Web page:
A few months after Paul’s death, once the administration had reminded me for the nth time that I’d have to choose a replacement adviser, I went across the street to the AA to speak to Mark Cousins about it. Mark mentioned, in all seriousness, without a hint of a smile, and seemingly a little irritated by the bureaucratic rules, that the fact that Paul had died should by no means imply that he could no longer supervise me. We tried to convince the university administration. And succeeded. This is how things went. Paul, whose advice I still seek and get from time to time, has in fact been a great mentor: it has certainly become easier to book tutorials! So in this vein, this lecture might be said to be the result of these ongoing conversations…  and since Paul once mentioned that international humanitarian law was one area he would like to cover, this particular lecture is first and foremost a tribute to him.

I have chosen today, to speak of an aspect of my research that I refer to as ‘Forensic Architecture’, a practice that emerges at the intersection between three categories and fields of study: conflict, space and law.  So I am going to examine three legal controversies:

  1. The legal processes concerning the design of the separation wall in the West Bank. 
  2. The legal processes and “humanitarian” deliberation concerning the implementation of the siege of Gaza. 

3.   The war crime investigation after the Gaza attack.

After this introduction, the lecture covered these three aspects. This is an excerpt from the second set of legal cases:

Legal controversy no.2:  “Humanitarian” deliberation concerning the implementation of the siege of Gaza

On September 2007, several weeks after the Hamas took control of the Gaza Strip, and after citing ongoing rocket fire, Israel’s Political-Security Cabinet declared the area a “hostile entity” - which amounted to a declaration of war short of giving Gaza the status of a state. It then set forth to “limit the movement of goods into the Gaza Strip, reduce the supply of fuel and electricity, and limit the movement of persons to and from the Strip.” It also set up a system that will regulate and moderate these restrictions. These limitations, the declaration continued, “will be applied following a legal examination, taking into account the humanitarian situation and with the intention of preventing a humanitarian crisis.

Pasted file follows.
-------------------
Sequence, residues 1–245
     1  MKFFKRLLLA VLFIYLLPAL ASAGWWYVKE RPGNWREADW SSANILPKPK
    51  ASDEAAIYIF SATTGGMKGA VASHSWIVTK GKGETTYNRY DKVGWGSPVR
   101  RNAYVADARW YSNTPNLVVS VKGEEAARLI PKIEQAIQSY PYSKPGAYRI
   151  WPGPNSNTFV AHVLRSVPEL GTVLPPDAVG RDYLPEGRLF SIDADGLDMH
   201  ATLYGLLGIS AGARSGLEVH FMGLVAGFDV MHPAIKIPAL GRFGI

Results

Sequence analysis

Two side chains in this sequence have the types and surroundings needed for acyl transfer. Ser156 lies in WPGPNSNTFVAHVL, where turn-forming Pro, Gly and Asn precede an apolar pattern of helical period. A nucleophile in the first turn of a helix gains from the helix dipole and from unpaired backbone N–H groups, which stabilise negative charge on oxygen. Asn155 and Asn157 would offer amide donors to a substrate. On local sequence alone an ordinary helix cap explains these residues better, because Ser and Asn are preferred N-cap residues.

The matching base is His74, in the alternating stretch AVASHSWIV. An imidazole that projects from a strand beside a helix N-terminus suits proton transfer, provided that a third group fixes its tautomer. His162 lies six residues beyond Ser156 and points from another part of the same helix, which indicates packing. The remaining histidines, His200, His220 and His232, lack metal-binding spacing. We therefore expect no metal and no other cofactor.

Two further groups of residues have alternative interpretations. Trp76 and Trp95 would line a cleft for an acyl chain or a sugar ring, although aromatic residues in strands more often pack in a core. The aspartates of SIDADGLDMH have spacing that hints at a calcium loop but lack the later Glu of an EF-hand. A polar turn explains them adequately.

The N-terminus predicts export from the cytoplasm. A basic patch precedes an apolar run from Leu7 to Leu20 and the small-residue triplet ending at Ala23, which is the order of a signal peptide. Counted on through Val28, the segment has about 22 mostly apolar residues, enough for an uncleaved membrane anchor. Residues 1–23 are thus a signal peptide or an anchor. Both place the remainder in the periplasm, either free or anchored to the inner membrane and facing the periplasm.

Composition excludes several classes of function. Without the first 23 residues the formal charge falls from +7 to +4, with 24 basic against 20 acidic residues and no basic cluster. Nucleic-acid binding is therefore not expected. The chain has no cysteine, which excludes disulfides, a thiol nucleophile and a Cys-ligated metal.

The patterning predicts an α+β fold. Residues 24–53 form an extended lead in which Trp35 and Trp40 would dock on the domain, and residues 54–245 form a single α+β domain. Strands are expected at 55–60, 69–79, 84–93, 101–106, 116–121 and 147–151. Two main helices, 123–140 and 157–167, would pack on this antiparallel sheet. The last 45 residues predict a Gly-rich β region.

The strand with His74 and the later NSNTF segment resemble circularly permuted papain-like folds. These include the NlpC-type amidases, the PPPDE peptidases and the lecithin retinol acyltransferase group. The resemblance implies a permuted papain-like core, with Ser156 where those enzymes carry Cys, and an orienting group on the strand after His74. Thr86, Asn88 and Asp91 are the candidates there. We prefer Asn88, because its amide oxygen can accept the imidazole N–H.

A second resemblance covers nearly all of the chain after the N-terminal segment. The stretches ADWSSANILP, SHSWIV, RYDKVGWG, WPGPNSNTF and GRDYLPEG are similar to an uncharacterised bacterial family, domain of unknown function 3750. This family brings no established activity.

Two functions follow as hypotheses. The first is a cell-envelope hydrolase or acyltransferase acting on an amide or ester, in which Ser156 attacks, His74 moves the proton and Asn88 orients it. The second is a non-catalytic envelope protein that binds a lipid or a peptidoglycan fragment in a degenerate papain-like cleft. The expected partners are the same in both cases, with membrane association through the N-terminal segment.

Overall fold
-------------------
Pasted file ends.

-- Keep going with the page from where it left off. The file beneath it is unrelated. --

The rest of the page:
The decision to tighten the siege was the culmination of the process that saw Israeli control transformed from ‘occupation’ – the territorial system of control grounded in a network of military bases, roads and settlements – to ‘humanitarian management’ operated through and by the external envelope. With this process, the function of the walls around Gaza - a similar series of fortifications to those within the West Bank - has changed from being elements of territorial division and delimitation to becoming membranes for the modulation of life-sustaining flows.

This ability to exercise control through the modulation of flows in which the checkpoints within the wall function as valves and switches, has made Israel’s warfare on Gaza resemble an inverse Milgram experiment. This was the infamous experiment that sought to study the inclination of people to follow the orders of figures of scientific authority to inflict pain on others, by gradually increasing the current in electric shocks they applied in response to mistakes. Here the response to ‘wrong political choices’ was administered by a gradual reduction of the current, undertaken under the supervision of ‘experts’ in security, electricity and humanitarian matters.